Secure & Safe on the Road or Underwater

March 1, 2022

Secure & Safe on the Road or Underwater

Dr. André Daubner, Volker Buchmann

Electric vehicles primarily use batteries as an energy source, which are “filled up” with electricity at charging stations. Electric driving offers us a whole new driving pleasure, but not only that – we’re also doing something for the environment, the climate, CO2 and NOX emissions. Safety innovations from the world of the internal combustion engine, such as brakes, airbags, distance warning systems and other modern achievements are taken for granted as the tried and tested standard. The fuel tank has been partially or completely replaced. Sure, but with what, exactly? In most cases by Li-ion batteries – but what about safety or the environment?

Safety is a number-one priority in Li-ion batteries. This safety that is not visible at first glance, and involves elements such as an emergency devices built into the outer shell of the battery housing, combining one, two or more functions. Here, it is important to note that these emergency devices do not prevent the battery cells from being thermally excited. They do however prevent pressure waves from causing sudden deformation of the housing.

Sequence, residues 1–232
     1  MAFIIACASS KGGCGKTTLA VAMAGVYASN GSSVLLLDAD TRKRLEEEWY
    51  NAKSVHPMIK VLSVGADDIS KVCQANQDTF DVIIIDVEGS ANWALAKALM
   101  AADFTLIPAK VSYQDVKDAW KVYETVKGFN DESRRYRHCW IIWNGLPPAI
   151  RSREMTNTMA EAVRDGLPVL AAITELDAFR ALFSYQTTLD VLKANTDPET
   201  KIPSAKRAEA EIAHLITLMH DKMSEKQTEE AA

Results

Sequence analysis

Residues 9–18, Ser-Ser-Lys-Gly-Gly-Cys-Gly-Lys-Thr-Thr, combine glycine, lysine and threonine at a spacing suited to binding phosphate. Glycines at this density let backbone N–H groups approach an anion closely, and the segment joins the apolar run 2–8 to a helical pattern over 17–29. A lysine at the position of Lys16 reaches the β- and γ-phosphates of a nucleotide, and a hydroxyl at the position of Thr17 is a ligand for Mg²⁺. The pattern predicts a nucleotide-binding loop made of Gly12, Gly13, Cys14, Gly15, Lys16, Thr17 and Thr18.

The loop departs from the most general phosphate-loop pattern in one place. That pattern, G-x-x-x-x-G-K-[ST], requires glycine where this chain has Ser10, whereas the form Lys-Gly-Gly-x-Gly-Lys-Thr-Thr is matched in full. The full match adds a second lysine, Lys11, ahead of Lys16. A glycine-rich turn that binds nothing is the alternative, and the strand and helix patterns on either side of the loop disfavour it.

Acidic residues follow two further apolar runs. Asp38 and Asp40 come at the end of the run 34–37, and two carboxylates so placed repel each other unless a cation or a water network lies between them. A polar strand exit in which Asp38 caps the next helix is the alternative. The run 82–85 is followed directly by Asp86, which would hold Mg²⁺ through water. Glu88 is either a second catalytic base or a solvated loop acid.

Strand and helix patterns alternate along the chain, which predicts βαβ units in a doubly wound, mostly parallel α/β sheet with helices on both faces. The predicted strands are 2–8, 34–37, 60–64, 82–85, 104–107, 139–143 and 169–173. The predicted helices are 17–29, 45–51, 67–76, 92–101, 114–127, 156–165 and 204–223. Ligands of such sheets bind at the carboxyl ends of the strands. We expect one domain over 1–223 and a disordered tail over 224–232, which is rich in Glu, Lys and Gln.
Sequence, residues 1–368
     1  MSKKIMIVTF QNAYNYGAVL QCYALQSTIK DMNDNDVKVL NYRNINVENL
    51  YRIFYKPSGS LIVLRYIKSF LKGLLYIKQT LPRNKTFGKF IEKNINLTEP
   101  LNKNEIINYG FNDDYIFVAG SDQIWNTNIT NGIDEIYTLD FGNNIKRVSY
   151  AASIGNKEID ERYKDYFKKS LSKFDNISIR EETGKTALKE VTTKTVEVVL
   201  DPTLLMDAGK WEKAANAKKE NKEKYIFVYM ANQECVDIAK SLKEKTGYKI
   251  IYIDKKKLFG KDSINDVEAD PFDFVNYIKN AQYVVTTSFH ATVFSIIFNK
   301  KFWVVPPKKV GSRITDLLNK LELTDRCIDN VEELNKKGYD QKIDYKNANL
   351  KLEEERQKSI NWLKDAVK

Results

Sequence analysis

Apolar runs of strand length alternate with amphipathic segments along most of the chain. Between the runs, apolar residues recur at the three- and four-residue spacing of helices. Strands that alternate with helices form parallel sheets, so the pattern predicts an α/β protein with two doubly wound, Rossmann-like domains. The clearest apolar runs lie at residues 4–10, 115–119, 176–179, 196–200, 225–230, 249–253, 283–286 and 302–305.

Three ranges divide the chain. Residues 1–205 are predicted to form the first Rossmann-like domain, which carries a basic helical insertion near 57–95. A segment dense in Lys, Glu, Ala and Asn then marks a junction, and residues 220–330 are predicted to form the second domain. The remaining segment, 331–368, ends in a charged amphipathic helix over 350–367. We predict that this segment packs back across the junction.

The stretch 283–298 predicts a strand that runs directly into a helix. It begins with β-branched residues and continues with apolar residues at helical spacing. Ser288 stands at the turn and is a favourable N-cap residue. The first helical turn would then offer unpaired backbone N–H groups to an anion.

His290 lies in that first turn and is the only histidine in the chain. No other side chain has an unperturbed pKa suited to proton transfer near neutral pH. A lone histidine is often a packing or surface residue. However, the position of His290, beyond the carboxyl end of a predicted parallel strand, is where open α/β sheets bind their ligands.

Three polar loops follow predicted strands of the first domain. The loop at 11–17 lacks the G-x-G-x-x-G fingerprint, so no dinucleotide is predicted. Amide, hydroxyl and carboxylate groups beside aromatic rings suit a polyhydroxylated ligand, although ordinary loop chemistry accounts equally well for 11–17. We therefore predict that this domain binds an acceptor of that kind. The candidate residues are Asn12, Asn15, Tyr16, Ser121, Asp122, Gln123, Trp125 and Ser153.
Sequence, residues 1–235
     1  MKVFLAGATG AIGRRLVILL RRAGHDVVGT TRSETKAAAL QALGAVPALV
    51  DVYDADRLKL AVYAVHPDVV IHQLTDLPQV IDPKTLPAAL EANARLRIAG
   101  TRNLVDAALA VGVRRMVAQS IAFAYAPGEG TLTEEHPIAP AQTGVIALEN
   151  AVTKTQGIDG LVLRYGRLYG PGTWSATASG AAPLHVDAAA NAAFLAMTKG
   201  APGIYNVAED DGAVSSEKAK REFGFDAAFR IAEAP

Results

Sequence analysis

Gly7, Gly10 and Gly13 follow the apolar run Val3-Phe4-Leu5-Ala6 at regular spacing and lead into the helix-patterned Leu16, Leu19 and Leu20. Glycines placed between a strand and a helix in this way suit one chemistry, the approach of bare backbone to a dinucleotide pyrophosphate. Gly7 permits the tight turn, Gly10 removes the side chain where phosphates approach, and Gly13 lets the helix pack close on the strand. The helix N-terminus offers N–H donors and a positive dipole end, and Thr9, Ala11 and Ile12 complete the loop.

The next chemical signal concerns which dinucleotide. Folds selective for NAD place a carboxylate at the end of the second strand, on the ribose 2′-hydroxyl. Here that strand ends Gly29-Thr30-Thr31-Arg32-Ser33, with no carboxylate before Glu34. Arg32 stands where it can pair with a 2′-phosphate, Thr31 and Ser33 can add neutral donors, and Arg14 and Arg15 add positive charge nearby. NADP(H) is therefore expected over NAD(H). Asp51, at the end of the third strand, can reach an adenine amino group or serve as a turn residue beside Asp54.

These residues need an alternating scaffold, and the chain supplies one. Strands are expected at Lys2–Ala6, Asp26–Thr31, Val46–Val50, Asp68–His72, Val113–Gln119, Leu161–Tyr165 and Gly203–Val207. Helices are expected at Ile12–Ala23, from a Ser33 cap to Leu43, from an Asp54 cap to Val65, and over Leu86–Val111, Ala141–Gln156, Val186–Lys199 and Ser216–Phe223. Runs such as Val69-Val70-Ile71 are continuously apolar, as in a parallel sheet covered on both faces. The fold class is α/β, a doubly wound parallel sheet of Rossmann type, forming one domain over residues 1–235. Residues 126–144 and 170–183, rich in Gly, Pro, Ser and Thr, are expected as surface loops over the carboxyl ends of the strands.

What functions need to be covered?

  • Bursting, for example if things get critical when a degassing unit opens
  • Pressure compensation to equalize internal and external pressure differences during uphill and downhill drives, descents etc.
  • Closing of the degassing hole so that no oxygen enters the internal combustion source
  • Re-opening the hole again to relieve pressure for another event

Against the backdrop of recent flooding disasters, batteries should survive undamaged under water for a long period of time. In addition, there are requirements for regulating the temperature of the battery: active-regulation by a heat exchanger or immersion cooling. What’s more, the issues of recyclability should not be ignored.

Now, the statements above address many different aspects and questions. The state of the art is now that all these questions can be answered positively. Let’s take a look at this in detail.